This is a comprehensive post about Saxon Math, with a video from me at the end. I hope you find the information helpful as you make math decisions in your homeschool.
Math can be an area that causes great frustration and confusion (for adults and children) in many homeschools.
This was true in my home. We waffled between math programs in our first few years of homeschooling, trying different textbooks, living math, and other approaches.
It doesn't need to be difficult, however, with ample resources and assistance available.
I am not a mathematician by any stretch of the imagination. I do not like math, but I am learning to like it more and more.
*This post contains affiliate links.
I also recognize the supreme importance of giving my children a SOLID math foundation while they are under my care.
After two years of research, one year of using the actual program, and attending a math practicum, I am convinced that Saxon Math is the best option for my children.
*You cannot just choose a math program that everyone likes or is blogging about and hope for the best. I do not believe it's wise to let your child choose their own math program based on what they "like". Math is too important to cut any corners.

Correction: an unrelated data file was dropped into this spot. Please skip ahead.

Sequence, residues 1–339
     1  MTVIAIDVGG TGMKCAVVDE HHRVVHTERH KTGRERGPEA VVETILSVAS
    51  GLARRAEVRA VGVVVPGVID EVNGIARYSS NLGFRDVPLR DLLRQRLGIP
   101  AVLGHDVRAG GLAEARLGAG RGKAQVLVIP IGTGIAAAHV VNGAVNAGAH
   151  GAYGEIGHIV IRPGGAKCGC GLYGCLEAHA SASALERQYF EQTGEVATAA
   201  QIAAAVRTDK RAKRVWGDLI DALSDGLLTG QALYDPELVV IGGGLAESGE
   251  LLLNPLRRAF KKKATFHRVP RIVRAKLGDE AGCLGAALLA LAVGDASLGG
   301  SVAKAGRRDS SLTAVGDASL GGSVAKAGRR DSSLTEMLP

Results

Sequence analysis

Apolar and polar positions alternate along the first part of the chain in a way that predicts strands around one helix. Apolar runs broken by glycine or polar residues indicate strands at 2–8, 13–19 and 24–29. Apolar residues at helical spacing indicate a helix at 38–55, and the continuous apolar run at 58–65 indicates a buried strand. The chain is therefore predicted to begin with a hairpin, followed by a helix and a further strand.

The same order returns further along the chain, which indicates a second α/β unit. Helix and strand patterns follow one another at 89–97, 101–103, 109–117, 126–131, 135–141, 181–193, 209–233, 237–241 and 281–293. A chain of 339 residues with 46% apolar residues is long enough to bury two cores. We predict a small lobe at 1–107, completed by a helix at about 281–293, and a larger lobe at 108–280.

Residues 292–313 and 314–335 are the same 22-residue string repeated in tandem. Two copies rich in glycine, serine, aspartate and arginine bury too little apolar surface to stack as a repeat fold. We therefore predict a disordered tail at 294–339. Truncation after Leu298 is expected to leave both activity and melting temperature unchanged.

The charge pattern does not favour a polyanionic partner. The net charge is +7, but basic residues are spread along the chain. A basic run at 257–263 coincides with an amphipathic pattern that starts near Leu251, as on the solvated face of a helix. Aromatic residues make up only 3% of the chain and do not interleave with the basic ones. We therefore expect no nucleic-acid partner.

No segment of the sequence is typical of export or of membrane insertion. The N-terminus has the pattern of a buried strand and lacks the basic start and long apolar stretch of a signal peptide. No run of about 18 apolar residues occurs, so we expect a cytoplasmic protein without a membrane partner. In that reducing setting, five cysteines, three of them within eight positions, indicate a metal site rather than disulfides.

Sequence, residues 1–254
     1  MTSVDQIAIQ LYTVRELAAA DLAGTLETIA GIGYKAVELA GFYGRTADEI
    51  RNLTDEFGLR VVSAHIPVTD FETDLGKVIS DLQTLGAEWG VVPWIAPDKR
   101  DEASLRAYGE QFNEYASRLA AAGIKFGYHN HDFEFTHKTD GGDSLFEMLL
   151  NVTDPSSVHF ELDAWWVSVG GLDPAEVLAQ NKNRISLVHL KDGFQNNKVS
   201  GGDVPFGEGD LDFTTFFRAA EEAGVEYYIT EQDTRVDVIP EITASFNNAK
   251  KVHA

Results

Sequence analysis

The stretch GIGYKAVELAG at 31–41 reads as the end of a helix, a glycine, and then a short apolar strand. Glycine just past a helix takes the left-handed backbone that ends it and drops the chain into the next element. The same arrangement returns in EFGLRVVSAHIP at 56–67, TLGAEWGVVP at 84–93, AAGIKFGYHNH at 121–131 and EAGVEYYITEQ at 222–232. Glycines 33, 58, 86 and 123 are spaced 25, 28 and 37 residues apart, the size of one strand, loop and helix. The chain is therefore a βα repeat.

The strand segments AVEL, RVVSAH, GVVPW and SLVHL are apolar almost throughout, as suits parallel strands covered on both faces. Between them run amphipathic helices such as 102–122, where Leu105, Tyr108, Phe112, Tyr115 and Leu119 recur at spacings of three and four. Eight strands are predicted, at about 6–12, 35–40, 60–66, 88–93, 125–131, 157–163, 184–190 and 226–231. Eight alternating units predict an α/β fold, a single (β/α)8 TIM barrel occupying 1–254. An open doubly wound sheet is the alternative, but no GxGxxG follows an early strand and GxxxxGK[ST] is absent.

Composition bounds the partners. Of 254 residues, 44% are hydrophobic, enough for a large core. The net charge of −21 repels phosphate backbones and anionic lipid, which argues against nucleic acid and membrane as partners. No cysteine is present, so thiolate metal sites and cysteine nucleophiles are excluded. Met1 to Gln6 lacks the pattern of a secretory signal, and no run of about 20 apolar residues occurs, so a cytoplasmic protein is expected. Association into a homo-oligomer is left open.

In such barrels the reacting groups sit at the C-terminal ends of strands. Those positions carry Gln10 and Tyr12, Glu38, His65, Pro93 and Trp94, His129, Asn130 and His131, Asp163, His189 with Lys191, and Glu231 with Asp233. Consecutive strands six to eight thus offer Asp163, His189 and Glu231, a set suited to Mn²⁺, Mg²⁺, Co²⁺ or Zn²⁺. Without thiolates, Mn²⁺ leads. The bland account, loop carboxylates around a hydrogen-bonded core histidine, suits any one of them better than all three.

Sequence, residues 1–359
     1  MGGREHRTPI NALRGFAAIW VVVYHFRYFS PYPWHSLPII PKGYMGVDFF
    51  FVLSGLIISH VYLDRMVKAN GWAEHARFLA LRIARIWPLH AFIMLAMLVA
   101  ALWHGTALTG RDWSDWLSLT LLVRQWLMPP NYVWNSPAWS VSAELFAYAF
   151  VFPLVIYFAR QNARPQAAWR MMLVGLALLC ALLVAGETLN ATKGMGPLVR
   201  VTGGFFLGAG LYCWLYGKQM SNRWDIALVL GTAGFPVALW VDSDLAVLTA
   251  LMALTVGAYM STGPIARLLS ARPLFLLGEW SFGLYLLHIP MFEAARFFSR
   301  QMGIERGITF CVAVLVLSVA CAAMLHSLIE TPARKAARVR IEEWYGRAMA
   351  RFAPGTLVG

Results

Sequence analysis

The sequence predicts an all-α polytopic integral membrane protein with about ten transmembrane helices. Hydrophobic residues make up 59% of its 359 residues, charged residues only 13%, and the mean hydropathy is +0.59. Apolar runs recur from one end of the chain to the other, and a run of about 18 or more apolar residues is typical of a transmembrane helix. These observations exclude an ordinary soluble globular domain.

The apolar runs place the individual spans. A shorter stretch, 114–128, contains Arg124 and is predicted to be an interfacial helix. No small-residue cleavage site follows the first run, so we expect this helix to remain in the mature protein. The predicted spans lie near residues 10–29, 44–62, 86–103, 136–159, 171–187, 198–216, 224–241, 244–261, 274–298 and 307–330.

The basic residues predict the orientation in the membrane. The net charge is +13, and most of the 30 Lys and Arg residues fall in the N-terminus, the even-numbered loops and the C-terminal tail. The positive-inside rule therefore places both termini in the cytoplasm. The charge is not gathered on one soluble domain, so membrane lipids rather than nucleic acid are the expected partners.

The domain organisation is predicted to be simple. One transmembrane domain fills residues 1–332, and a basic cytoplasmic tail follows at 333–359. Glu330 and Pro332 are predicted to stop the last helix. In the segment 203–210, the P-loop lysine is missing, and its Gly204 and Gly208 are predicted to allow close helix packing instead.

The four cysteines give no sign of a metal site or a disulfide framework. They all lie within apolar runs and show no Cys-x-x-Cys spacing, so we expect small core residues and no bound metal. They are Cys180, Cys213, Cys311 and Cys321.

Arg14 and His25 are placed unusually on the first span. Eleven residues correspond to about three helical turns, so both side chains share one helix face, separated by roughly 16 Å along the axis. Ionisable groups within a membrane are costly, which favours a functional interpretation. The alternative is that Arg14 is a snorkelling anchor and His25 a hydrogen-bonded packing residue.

You need to do your research, know your educational philosophy, and know your child's learning style. This decision took us a lot of time and effort, but it's worth it.
I will make one disclaimer: I have one child with average math abilities and one child with exceptional math abilities. Neither one of my children have learning difficulties. Saxon may not be the best fit if your children have specific needs. (This is why you must know your children and their learning styles when investigating ANY curriculum.)
I will provide you with concrete reasons why we made this math decision, but I wanted to start by sharing a quote with you from Classical Conversations. (I encourage you to read the linked article - it's very good.) This is the ULTIMATE statement of why we are using Saxon: